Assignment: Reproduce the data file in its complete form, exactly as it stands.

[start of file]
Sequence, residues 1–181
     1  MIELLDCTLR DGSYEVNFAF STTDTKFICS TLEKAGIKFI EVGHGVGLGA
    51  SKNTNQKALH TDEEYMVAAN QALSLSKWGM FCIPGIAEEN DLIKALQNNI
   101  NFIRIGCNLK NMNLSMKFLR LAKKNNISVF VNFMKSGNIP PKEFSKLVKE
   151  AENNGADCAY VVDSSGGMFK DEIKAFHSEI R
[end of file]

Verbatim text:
Sequence, residues 1–181
     1  MIELLDCTLR DGSYEVNFAF STTDTKFICS TLEKAGIKFI EVGHGVGLGA
    51  SKNTNQKALH TDEEYMVAAN QALSLSKWGM FCIPGIAEEN DLIKALQNNI
   101  NFIRIGCNLK NMNLSMKFLR LAKKNNISVF VNFMKSGNIP PKEFSKLVKE
   151  AENNGADCAY VVDSSGGMFK DEIKAFHSEI R